Does the legislature work for the people or special interests?
This seemingly simple question can provoke profound questions about the very legitimacy of our democracy.
We will receive an answer to this question based on how HB 131 – Election Modifications from Representative Jake Andregg (Republican – Lehi) plays out over the 45 days of the legislative session.
[pullquote]The people called for a change to our election laws, the Utah GOP has fought tooth and nail against them – where will the legislature fall?[/pullquote]HB 131 is a direct attack upon SB 54 – the (in)famous piece of legislation prompted by the Count My Vote movement in 2014.
Though the legislation had a loud chorus of detractors and attempts were made to alter the bill during the last legislative session, SB 54 survived the 2015 legislative session. Not to be deterred, the Utah Republican Party sued the state over SB 54 – though the Utah GOP was able to overturn portions of the new law, the primary sticking point, the ability for candidates to collect signatures and appear on a ballot under the banner of a political party, remained.
Regardless of your feelings towards Count My Vote and SB 54, some facts remain the same:
- Count My Vote was close to putting a popular initiative on the ballot for the 2014 election.
- SB 54 was the compromise made to stop Count My Vote from continuing its signature-gathering drive in exchange for some revisions to the election laws.
- SB 54 was approved by the Utah House and Senate, and signed by the Governor – all of whom were democratically elected by the people.
- The heads of the Utah GOP have fought SB 54 from the very start.
- The provisions of SB 54 have not even been tested during an election cycle.
Perhaps the last point is the most important. We know that there are some Republicans that do not like SB 54, and that is fair, but the results of the new law remain untested. Indeed, the only thing we know from the naysayers is that they say nay.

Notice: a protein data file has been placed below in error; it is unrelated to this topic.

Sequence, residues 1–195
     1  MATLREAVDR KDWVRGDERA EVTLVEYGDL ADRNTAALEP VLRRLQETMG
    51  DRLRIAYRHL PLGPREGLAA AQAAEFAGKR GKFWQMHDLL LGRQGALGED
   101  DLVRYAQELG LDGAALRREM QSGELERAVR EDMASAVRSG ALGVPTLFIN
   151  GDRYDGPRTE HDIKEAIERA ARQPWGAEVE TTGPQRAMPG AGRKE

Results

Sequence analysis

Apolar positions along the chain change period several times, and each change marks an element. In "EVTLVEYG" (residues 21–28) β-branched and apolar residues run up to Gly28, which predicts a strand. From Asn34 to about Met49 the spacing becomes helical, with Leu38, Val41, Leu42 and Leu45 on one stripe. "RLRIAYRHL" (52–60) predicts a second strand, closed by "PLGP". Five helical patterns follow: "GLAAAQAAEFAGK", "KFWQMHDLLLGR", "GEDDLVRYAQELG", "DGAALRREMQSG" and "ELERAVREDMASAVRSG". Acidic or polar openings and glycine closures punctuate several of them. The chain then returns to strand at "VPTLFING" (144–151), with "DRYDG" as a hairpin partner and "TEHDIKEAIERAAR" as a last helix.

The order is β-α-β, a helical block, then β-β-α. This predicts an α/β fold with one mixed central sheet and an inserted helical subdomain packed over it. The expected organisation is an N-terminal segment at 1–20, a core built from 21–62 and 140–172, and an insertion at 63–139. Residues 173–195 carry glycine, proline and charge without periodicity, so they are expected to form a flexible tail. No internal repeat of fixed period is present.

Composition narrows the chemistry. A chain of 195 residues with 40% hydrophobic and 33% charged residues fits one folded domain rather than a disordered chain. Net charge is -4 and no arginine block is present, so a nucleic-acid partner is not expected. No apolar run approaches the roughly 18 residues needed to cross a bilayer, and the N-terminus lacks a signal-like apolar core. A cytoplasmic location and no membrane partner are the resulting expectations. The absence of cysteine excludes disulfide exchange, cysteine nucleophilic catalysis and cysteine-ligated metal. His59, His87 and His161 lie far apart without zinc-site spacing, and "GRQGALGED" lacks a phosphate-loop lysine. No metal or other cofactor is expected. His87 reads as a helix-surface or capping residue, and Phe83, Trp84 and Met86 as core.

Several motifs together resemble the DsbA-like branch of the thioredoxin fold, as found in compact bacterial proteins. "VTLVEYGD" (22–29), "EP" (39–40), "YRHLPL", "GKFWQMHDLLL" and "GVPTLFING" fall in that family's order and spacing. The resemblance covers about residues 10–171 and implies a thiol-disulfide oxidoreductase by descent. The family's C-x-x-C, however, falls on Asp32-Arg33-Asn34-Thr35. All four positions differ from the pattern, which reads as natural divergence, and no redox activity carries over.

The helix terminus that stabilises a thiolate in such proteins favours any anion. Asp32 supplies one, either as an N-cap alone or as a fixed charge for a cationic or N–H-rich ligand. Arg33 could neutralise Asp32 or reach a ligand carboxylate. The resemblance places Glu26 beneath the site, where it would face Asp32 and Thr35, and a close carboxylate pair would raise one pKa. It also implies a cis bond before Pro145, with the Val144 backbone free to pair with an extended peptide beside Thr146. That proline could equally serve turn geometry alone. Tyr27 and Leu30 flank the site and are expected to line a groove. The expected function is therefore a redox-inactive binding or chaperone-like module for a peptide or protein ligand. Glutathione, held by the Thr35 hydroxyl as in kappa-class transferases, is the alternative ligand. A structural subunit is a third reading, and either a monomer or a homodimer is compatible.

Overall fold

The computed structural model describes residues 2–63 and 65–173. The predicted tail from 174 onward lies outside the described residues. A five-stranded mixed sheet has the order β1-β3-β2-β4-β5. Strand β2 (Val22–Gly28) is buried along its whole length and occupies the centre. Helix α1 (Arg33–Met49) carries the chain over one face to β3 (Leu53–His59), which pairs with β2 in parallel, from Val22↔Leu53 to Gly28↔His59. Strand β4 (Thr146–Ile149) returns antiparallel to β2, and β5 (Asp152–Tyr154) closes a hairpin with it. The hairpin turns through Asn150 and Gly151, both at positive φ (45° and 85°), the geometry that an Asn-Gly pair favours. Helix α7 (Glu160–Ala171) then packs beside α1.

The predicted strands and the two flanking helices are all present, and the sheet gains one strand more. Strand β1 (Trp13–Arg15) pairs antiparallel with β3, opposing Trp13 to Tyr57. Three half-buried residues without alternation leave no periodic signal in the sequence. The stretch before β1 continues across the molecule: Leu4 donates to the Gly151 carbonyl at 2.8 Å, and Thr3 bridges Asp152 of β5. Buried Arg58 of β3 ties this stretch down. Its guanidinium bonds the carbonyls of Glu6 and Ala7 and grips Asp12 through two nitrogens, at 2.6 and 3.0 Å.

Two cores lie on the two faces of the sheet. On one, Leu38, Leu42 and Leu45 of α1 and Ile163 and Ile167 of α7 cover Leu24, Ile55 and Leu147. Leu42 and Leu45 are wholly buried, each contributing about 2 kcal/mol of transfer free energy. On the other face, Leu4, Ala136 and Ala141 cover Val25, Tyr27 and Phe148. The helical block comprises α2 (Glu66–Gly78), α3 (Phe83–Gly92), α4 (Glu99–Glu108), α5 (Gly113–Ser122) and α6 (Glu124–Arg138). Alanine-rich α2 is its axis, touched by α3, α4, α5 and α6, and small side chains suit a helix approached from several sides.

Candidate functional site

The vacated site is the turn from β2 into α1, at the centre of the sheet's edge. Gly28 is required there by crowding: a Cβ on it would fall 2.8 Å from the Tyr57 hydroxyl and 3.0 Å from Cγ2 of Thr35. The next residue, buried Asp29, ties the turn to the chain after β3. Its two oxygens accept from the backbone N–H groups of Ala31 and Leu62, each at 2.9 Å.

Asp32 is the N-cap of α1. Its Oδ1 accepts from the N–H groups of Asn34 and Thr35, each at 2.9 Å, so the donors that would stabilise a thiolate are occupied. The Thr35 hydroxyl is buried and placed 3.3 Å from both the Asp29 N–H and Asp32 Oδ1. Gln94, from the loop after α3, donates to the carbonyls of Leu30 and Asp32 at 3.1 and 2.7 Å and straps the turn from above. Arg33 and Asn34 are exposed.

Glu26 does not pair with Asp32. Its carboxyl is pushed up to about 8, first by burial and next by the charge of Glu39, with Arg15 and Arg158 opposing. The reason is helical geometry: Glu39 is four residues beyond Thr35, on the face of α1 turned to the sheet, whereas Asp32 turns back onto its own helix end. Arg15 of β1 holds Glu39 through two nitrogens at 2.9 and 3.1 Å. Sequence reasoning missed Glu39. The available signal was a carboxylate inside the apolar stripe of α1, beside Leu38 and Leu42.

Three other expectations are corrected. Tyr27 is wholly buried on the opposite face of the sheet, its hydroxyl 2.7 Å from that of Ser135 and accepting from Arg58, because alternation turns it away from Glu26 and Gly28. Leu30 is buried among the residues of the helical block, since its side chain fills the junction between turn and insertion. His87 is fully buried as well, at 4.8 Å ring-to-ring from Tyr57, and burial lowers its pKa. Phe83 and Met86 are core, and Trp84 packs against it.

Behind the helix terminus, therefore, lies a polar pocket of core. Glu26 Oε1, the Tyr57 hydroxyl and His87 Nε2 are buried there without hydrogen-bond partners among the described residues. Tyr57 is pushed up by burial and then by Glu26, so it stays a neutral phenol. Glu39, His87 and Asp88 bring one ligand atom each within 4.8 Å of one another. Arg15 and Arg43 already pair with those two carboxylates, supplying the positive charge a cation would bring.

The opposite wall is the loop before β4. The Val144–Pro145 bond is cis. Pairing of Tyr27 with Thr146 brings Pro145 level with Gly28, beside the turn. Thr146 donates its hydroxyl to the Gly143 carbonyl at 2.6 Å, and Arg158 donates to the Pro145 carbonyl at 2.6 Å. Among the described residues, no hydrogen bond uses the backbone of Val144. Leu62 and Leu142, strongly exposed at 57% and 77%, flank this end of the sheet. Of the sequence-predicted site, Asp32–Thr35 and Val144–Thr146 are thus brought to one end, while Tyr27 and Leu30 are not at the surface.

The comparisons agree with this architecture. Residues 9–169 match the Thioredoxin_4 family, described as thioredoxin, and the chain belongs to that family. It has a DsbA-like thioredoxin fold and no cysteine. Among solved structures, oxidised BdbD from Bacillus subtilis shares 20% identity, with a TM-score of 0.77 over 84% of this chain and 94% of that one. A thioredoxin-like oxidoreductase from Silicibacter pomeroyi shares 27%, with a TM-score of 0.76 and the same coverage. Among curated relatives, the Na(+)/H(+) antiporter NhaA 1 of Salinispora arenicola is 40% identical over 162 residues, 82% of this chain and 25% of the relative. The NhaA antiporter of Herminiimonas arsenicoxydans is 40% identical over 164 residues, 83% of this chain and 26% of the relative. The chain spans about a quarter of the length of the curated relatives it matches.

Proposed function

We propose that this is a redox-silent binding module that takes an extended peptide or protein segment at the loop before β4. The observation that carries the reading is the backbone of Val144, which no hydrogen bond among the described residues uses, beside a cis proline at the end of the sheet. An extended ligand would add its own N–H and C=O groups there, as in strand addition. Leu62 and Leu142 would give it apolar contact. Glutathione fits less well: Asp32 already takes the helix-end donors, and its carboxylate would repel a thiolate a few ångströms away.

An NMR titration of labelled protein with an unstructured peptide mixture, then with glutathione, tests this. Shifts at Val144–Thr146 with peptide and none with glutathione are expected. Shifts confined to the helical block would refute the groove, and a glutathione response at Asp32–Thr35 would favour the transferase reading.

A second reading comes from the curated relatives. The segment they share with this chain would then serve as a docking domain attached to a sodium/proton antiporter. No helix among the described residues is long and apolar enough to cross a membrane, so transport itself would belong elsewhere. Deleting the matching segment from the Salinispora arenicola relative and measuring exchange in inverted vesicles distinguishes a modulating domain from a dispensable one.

One could argue that the Republican Party is an organisation advocating for the people and that the state has put undue restrictions upon the party. But the courts, the Legislature, the Governor, and the Attorney General are also organisations the people have created to advocating for their cause – all of whom have signed off on SB 54 in one way or another.
The final question is if SB 54 creates undue harm. The answer, it appears, is no. It is the Utah GOP, not the state, that has mandated purity tests to participate in the organisation that claims it is advocating for the people (and in Utah, the presumed majority). It is the Utah GOP that has dug its feet in; it is the Utah GOP that fought against the Republican Legislature, Governor, and Attorney General; it is the Utah GOP that refuses to comply with the laws of this state for no other reason, it appears, then they don’t like the people telling them what to do.
Though many of the people that claim the Republican banner will be voting on HB 131, another fact remains: In the very room that Representative Anderegg will spend the upcoming 45 days, there is a simple carving of two words above the well: Vox Populi – The voice of the people.
Perhaps SB 54 will be a failure, but the people have called for it through various governmental institutions. Lawmakers owe the people the opportunity to allow the law a legitimate chance to succeed or fail based on its own merit, not simply because a political party refuses to comply.
To contact Representative Anderegg, click here or call 801-901-3580 (Cell).
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